Created as an homage to the great northern renaissance painter Hieronymus Bosch in 2016, marking the 500 year anniversary of his death, the creation collective Les 7 Doigts plunge us into the world of his paintings in BOSCH DREAMS. Incredible animation and video projection by French-Argentine video artist Ange Poitier helps to create the three dimensional canvas unto which our seven acrobats play and release their creativity. The story and the world that this show creates is incredibly whimsical and definitely not as dark as the source material would lead you to believe. This is a show that is absolutely not to be missed during the 10th edition of Montréal Complètement Cirque!
“What is good? What is bad? What is paradise? How do we decide how to live our life? These are existential questions that many artists have struggled with.” explains a contemporary arts professor lecturing on Bosch’s work. Behind him we see the largest most high definition projection of The Garden of Earthly Delights projected onto a scrim that hides the rest of the stage from us. Even if you aren’t familiar with Bosch and his particular brand of surrealism, the narrative approach of this show will help fill in any blanks that you might have forgotten from that one art history elective that you took in university.
Meanwhile our arts professor’s daughter (interpreted by Elisa Breuer-Penello, who is also an incredible aerial dancer) celebrates her 12th birthday, and begins to discover Bosch’s works just as her father did as a boy before her. Imaginative animal-like creatures of Bosch’s creation pull her quite literally into the world of the paintings. The peculiar people that populate this world immediately invite her to join in their festivities and merry-making. Things seem to be going well, but there’s no telling what the secret motives of these creatures are as they lead her further and further into this dreamlike landscape. We’re reminded of what dangers await us if we indulge too much as the stage goes dark and a vicious toad-like creature crawls across the space, dragging someone in their mouth, crunching on their bones.
Bosch isn’t the only artist that this show highlights either. Salvador Dali as well as Jim Morrison, two other extraordinary artists who were heavily influenced by the work of Bosch, make featured appearances as well. We join Dali, walking through the galleries of El Prado in Madrid, Spain, where a large collection of Bosch’s works still remain today. A security guard who is curiously reminiscent of a rat invites Dali into Bosch’s paintings as well. Dali takes in the delights of the garden, including Marie-Ève Dicaire who performs a beautiful act from inside a luminescent bubble, interpreting the style in which Bosch painted the human bodies throughout his works.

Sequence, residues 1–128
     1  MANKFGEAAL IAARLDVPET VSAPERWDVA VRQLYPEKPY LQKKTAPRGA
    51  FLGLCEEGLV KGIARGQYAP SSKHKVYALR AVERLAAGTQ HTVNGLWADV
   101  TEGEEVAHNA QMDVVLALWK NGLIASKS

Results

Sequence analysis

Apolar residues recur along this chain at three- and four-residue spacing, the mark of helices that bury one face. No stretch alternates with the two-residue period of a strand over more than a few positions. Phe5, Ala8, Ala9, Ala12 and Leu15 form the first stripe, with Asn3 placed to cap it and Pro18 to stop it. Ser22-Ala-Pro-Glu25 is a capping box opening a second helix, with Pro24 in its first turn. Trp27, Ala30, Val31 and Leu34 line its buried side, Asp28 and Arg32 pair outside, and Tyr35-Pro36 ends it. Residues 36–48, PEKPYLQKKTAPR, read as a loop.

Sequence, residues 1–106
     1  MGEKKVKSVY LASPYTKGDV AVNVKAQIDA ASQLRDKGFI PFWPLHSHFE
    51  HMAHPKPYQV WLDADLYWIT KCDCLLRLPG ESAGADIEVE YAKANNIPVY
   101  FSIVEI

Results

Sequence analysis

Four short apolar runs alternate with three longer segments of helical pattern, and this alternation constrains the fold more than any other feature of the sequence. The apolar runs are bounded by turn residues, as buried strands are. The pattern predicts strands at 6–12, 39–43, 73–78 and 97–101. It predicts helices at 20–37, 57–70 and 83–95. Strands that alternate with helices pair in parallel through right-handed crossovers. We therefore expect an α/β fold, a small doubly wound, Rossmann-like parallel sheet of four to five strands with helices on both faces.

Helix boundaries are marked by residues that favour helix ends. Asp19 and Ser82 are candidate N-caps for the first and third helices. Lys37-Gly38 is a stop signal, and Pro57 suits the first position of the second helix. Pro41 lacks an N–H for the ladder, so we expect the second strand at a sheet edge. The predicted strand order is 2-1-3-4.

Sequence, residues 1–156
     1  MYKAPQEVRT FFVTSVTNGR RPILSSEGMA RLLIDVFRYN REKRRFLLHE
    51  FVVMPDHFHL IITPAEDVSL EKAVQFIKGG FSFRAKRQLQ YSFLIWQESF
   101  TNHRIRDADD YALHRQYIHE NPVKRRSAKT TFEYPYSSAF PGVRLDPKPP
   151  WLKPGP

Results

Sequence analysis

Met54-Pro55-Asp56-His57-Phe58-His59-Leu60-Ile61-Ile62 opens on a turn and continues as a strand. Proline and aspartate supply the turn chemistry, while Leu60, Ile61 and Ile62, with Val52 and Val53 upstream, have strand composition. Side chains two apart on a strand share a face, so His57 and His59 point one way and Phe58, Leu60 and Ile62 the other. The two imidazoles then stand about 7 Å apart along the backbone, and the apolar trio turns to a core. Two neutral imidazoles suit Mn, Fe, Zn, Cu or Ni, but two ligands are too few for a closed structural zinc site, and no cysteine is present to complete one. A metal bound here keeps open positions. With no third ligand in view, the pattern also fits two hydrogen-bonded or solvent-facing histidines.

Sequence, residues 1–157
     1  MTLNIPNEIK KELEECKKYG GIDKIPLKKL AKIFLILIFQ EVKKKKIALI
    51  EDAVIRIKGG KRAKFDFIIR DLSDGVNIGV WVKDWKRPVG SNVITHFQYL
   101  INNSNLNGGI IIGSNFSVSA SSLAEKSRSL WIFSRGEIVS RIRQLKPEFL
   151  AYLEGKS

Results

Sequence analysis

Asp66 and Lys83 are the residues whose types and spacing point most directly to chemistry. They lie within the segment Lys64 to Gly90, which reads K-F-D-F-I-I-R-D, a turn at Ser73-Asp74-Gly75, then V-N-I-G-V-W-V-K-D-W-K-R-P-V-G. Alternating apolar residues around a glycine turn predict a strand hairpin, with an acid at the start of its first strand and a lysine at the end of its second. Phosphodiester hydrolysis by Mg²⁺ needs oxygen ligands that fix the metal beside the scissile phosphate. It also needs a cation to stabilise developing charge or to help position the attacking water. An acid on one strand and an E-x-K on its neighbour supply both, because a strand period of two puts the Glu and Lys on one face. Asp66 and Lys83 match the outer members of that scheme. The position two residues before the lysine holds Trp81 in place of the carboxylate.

Jim, on the other hand, gives us a glimpse of his glamorous world of rock and roll. Set to some of The Doors’ best jams, Timothé Vincent interprets Morrison and with gives us a sexy aerial hoop performance along side Léah Wolff as one of his lovers. We’re left asking ourselves “should I stay or should I go?” but eventually we know the adventure must come to an end.
So what was Bosch really trying to say through his work? Some say that through his gruesome and absurd creations he attempted to hold a mirror up to his public, so they could see themselves better, although we continue to ask ourselves what he really meant even today. I think that question was perfectly explored and more by Les 7 Doigts. As surrealist as Hieronymus Bosch was, circus presents us with the capacity to bend reality and continue to believe that anything is possible.
Les 7 Doigts present
Performances: July 4 to 14, 2019
Venue: Salle Pierre-Mercure
(300, boulevard de Maisonneuve Est, Montréal, H2X 3X6)
Ages: 8+ | Performances in French only
Box Office: 514-374-3522 | www.montrealcompletementcirque.com